The wealthy oceanside town of Cascais is known for it’s beautiful beaches and high priced housing market, but there’s also a great restaurant in an amazing setting that serves top-notch vegetarian dishes.
House of Wonders
It’s not always easy to eat healthy when dining out in Portugal. So, when I find healthy food that is beautifully presented and delicious, I jump on board!
House of Wonders in Cascais is one of those places that hits on all those criteria. Everything they serve is vegetarian and there are also many vegan options!
Walking in, you realize you’re in for a different experience. Instead of a normal menu, a large table is set up with all the dishes on offer that day. Not pictures of the dishes, but the actual dishes. Ask as many questions are you like and the friendly staff will be happy to answer. Make your selection and the kitchen will prepare your dish on the spot.
I can’t recommend a specific dish because the menu changes daily, but the Buddha Bowl and Mushroom Crepe are both quite outstanding.
After dinner, you can select a dessert from the dessert table. Delicious!
There’s a large outdoor seating area across from the entrance at House of Wonders. It’s very nice, but I suggest you walk upstairs and sit in the intimate rooftop dining area.
After Dinner Drinks
Hotel Baia is just a 3 minute walk from House of Wonder. On the 5th floor is a sophisticated rooftop bar overlooking the beach and harbor. This is a fantastic place to enjoy a drink and chat (as long as the DJ isn’t cranking the music too loud).
Other Things to Do in Cascais
There are several beautiful beaches in Cascais, including Praia da Rainha.
There’s also a place called the Boca do Inferno (The Mouth of Hell), a rock formation on the shore of Atlantic Ocean that attracts visitors from around the world.
This part of Portugal is exposed to the full force of the Atlantic Ocean. As such, waves crash against the outcroppings and shore with erosion causing cool rock formations. Long ago, water cut into the rocks, making a sea cave. Eventually, the cave collapsed and all that is left is the opening, now a rock arch.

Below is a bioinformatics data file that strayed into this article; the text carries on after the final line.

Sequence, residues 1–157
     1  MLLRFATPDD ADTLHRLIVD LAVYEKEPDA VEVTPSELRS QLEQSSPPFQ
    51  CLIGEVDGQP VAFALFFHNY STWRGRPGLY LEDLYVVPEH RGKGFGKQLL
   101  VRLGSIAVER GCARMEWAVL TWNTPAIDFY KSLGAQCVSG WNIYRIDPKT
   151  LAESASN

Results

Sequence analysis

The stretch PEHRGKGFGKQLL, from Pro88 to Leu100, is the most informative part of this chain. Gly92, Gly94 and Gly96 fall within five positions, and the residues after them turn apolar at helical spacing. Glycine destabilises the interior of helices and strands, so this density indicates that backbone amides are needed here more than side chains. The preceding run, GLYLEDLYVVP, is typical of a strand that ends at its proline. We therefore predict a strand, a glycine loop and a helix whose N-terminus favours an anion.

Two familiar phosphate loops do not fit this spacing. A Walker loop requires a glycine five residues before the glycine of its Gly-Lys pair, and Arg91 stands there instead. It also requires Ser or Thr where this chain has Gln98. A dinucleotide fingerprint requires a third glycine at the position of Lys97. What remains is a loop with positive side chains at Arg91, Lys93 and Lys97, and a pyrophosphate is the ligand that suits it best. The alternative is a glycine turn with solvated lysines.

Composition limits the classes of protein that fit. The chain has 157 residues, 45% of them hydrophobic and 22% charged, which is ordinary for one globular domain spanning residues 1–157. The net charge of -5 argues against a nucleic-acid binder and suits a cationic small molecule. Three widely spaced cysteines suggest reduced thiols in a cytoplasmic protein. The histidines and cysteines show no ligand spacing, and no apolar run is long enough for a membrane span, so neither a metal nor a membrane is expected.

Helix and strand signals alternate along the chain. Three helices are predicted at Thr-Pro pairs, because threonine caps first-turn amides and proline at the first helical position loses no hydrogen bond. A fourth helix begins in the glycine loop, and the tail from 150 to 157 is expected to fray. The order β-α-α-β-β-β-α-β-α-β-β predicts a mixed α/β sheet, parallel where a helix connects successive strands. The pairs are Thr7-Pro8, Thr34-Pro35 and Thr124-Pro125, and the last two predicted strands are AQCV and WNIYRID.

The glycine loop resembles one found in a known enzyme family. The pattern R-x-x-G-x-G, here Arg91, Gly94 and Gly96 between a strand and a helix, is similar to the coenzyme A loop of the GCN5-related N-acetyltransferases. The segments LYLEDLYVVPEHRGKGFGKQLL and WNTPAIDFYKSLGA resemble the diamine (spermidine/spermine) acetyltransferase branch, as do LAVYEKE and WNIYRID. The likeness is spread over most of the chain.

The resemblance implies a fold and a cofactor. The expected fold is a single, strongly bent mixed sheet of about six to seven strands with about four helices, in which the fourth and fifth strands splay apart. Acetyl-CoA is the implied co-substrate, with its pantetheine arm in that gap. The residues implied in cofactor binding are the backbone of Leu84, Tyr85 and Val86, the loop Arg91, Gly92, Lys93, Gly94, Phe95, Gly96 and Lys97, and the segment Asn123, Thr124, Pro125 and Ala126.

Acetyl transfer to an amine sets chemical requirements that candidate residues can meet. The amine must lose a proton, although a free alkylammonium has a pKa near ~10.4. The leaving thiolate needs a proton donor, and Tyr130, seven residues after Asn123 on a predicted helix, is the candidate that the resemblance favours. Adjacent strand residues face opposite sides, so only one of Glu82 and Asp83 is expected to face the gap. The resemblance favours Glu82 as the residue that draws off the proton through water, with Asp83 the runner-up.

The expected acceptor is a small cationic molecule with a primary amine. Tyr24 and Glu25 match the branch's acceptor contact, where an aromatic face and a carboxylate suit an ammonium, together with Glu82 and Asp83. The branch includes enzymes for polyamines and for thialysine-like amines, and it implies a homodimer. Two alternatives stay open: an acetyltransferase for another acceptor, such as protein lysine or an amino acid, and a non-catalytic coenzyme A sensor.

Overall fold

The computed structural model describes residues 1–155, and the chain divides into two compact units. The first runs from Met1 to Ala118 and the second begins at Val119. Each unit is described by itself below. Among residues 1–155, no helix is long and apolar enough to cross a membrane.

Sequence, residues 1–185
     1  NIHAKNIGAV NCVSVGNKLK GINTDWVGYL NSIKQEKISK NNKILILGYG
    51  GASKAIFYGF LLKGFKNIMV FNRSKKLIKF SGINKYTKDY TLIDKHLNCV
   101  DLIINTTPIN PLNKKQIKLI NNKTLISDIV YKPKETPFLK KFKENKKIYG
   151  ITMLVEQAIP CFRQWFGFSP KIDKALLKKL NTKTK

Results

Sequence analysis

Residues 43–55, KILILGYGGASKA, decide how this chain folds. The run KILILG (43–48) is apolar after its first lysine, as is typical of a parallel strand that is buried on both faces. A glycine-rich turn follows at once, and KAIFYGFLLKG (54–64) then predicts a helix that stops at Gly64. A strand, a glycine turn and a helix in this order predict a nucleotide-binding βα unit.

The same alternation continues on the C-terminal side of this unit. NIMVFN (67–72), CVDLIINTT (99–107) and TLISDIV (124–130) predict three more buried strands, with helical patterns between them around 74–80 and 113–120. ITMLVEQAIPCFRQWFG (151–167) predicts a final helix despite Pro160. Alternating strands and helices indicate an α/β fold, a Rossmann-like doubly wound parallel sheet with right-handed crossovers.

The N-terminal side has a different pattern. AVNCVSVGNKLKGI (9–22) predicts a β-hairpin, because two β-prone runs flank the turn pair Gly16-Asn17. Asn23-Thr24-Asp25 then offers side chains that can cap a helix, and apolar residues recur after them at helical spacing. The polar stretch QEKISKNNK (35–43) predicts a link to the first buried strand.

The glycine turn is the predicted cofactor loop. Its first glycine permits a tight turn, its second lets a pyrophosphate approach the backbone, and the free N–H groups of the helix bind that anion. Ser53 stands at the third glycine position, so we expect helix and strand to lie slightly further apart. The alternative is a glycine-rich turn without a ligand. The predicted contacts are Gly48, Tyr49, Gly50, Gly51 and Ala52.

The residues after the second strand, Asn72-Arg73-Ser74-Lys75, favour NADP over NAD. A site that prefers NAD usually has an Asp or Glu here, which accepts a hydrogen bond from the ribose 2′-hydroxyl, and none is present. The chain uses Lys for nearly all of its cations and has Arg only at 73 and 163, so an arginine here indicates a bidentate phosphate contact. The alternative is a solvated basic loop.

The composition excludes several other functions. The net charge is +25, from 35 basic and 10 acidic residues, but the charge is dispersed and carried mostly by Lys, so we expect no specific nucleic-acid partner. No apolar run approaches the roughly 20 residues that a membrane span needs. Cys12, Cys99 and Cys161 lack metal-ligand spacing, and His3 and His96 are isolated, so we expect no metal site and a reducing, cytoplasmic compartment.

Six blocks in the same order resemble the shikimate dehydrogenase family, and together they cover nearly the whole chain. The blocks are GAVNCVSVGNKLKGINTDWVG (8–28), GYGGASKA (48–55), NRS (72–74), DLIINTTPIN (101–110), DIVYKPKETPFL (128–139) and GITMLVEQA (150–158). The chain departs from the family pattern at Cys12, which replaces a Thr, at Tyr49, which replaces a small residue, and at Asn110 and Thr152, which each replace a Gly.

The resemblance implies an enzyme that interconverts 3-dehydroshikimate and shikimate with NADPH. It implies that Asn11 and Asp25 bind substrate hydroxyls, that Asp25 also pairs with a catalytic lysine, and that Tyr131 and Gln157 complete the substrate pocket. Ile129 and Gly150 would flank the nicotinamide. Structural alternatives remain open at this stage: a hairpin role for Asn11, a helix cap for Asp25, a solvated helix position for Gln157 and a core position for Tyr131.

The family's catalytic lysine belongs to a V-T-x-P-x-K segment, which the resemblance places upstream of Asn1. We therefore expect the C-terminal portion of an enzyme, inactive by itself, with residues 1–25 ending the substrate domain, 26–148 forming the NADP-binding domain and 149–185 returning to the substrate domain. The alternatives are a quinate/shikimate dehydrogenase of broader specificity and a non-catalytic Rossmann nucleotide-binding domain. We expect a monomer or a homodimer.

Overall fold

At high tide, the waves hit with extra force, often splashing high into the air.
Sunset is another especially good time to visit.
Be careful if you visit as rogue waves have taken people from their observation spot and dragged them to a watery demise.
You can take a bus (M27) from Cascais to Boca do Inferno. But, it’s less than a mile to walk and along the way there’s the Museu Condes de Castro Guimarães and park as well as the Santa Marta Lighthouse and museum. That’s why I prefer to walk.
Getting to Cascais
From Lisbon, Cascais is an easy trip. It takes about 45 minutes on the train which starts at the Cais do Sodre station. It’s impossible to get lost because the train route starts in Lisbon and ends in Cascais, just get off at the end of the line.
I do not recommend driving to Cascais. You’ll probably get there quicker than the train but parking is difficult, if not impossible, especially during the busy summer season.
While taking the train to Cascais is easy, I like to get off early at the Estoril station. From there it’s steps to the beach and the Estoril promenade. Strolling along the waterfront from Estoril to Cascais only takes about 25 minutes; that is unless you stop for a drink at one of the many beach bars or restaurants.
About the Author
Brent Petersen is the Editor-in-Chief of Destination Eat Drink. He currently resides in Setubal, Portugal. Brent has written the novel “Truffle Hunt” (Eckhartz Press) and the short story collection “That Bird.” He’s also written dozens of foodie travel guides to cities around the world on Destination Eat Drink, including in-depth eating and drinking guides to Lisbon, Porto, Sintra, Monsaraz, and Evora in Portugal. Brent’s podcast, also called Destination Eat Drink, is available on all podcast platforms.